Males above 50 years of age represent the majority of acute cases of HEV infection reported across EU/EEA countries [19]. Over the last 10 years a 10-fold increase in reported cases was observed in EU/EEA countries with more than 5 500 cases in 2015. Several EU/EEA countries reported an apparent increase of human cases related to HEV infection in recent years, which might be associated with a better HEV detection and diagnosis but also an increasing awareness among clinicians [19]. More than 50% of the reported cases were reported to be admitted to a hospital. However, the proportion of hospitalised cases has decreased over the last 10 years which suggest that surveillance systems increasingly capture milder cases. Five of 12 EU/EEA countries collecting data on outcome reported 28 deaths between 2005 and 2015. The majority (>95%) of human infections were autochthonous infections due to genotype 3, with the main subtypes HEV-3e, f, c, but all other subtypes are detectable [20]. Only a few travel-associated cases were reported.

Available data on seroprevalence in EU/EEA countries show increasing seropositivity with age and highest values in people aged 60 years or over. The studies differ in terms of the sampled population as well as in the estimates. Seroprevalence estimates differ between, but also within, countries e.g. the average prevalence in Germany and France is around 20% [21,22] while in high-endemic regions in Southern France over 86% of the blood donors are tested HEV positive [11,22,23]. Occupationally exposed persons working in slaughterhouses, forestry workers, hunters, farmers or veterinarians showed higher seropositivity than the general population [23,24]. Central European countries show higher seropositivity than e.g. Nordic European countries.  However, serological findings are significantly influenced by the respective test applied.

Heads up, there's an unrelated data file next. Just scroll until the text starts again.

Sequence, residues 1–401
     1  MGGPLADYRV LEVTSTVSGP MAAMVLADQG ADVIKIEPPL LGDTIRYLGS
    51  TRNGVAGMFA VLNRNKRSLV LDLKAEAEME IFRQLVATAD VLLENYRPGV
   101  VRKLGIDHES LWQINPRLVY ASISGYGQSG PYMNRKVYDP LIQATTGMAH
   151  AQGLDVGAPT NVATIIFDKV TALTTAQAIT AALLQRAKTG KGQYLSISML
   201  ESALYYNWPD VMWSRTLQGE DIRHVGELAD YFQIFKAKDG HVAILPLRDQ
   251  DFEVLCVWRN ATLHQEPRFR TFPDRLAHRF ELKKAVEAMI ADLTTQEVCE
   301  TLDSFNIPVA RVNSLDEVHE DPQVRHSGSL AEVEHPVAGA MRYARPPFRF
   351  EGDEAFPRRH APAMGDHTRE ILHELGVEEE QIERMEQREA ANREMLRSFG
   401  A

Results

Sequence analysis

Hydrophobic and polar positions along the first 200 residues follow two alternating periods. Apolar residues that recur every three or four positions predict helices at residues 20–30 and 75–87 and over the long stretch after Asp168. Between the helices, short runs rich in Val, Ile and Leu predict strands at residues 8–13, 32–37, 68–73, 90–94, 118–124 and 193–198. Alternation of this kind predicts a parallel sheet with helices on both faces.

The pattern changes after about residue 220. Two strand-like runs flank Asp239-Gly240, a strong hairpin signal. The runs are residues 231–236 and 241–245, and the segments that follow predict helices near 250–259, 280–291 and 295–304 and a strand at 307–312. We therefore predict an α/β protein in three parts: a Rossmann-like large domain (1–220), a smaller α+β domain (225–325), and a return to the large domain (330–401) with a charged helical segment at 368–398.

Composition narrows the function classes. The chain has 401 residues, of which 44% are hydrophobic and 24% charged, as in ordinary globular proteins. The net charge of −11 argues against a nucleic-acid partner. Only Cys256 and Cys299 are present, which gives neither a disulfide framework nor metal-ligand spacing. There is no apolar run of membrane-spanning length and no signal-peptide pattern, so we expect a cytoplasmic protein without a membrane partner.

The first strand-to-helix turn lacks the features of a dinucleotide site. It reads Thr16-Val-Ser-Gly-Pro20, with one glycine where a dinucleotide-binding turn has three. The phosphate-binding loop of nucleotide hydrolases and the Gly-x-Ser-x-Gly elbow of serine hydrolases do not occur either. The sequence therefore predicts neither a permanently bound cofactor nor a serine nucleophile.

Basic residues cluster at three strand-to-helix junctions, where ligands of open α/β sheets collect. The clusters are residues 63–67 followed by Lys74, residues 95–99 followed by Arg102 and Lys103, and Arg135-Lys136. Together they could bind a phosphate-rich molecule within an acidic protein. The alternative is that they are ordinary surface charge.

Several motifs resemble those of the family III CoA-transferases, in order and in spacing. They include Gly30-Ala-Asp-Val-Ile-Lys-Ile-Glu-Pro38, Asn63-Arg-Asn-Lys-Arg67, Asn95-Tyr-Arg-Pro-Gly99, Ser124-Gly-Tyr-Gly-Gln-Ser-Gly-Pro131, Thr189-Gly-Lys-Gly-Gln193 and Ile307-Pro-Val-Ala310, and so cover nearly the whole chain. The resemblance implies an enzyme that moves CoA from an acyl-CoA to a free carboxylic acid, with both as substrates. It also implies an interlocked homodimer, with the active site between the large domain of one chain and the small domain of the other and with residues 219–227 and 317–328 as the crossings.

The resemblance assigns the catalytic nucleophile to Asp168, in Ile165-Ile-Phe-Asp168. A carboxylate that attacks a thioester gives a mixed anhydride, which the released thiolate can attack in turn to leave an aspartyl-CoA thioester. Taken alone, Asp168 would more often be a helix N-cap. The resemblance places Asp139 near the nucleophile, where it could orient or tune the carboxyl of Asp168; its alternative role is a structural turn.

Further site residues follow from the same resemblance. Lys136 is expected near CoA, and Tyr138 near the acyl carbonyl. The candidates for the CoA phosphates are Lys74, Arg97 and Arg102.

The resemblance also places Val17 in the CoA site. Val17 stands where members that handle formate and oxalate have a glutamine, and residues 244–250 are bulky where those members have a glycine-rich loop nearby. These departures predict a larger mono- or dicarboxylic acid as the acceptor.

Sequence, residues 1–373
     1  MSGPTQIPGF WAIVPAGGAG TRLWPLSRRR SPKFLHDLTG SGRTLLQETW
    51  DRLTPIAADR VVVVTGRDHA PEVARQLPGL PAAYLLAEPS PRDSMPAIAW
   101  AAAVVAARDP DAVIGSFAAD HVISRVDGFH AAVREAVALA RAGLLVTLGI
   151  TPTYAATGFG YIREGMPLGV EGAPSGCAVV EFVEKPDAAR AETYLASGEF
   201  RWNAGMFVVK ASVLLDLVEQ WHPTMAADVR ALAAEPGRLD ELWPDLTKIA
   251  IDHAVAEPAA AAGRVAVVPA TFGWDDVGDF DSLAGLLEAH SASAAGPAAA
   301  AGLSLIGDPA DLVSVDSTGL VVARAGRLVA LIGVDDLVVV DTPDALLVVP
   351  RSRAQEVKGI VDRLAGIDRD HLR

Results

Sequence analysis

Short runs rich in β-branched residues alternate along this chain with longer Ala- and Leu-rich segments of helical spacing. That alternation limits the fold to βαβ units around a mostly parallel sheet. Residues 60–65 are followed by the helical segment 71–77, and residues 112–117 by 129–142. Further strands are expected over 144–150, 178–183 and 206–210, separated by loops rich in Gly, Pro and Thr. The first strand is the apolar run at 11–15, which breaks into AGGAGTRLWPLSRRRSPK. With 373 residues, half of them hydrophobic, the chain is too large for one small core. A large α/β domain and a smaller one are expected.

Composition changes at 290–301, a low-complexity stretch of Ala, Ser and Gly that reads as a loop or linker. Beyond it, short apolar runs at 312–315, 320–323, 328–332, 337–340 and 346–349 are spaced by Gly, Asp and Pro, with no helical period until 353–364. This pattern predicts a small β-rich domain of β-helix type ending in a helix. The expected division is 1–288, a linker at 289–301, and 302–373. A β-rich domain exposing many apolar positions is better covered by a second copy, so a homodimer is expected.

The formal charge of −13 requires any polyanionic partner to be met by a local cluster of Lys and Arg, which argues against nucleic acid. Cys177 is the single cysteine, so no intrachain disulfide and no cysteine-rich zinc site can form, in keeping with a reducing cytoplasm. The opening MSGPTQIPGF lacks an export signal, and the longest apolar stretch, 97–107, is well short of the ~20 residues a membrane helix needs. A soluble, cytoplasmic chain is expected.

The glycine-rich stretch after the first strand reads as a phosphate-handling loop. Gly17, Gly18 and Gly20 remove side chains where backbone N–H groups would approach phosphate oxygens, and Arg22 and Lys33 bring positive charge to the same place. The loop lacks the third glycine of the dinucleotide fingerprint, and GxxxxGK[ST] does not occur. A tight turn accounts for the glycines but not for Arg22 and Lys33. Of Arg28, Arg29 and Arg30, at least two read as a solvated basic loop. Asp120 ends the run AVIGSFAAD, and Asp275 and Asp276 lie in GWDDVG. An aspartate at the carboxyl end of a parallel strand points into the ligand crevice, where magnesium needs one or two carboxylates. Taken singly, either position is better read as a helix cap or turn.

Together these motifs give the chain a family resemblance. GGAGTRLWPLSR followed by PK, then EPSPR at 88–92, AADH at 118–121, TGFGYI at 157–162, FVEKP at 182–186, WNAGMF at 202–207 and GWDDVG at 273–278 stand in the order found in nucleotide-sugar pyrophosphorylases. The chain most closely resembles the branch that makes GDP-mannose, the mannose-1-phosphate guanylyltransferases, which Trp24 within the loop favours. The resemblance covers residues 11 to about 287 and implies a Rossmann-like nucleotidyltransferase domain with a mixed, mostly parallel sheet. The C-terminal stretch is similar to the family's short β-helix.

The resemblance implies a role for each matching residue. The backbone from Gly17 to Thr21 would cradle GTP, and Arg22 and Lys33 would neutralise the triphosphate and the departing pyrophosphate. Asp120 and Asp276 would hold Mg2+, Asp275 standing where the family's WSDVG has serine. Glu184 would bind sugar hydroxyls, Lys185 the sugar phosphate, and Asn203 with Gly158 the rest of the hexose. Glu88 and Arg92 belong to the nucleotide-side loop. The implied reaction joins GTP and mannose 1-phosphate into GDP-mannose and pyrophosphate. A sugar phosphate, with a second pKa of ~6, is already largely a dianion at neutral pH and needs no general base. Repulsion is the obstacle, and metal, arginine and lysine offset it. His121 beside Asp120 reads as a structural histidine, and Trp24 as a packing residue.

HEV infections due to genotypes 1, 2 and 4 are related to poor sanitation conditions in developing countries in Asia, Africa and Central America.

In Europe, Hepatitis E is a mainly a zoonotic disease due to genotype 3 viruses. Person-to-person transmission of the European genotype 3 viruses is thought to be rare [25]. HEV has been identified in a wide range of animals, with pigs being the primary reservoir in Europe. Consumption of undercooked pork, game meat or other meat products and occupational contact with pigs or wild boar are risk factors for HEV infection [26,27]. Molecular studies have confirmed infection via contaminated food products, mainly derived from pork [28,29]. Aside from pork meat, shellfish consumption has been shown as source of infection [30]. The differences in seroprevalence between and within countries probably reflect a different exposure of the population to the virus as well as a lower or higher endemicity within the source population pigs. It also reflects regionally different consumer habits that result in higher risk of acquiring HEV infection e.g. through the consumption of raw pig liver products contaminated with HEV. Also occupationally exposed groups with direct contact to infected animals e.g. slaughterhouse and forestry workers, hunters, farmers and veterinarians showed higher seropositivity than the general population.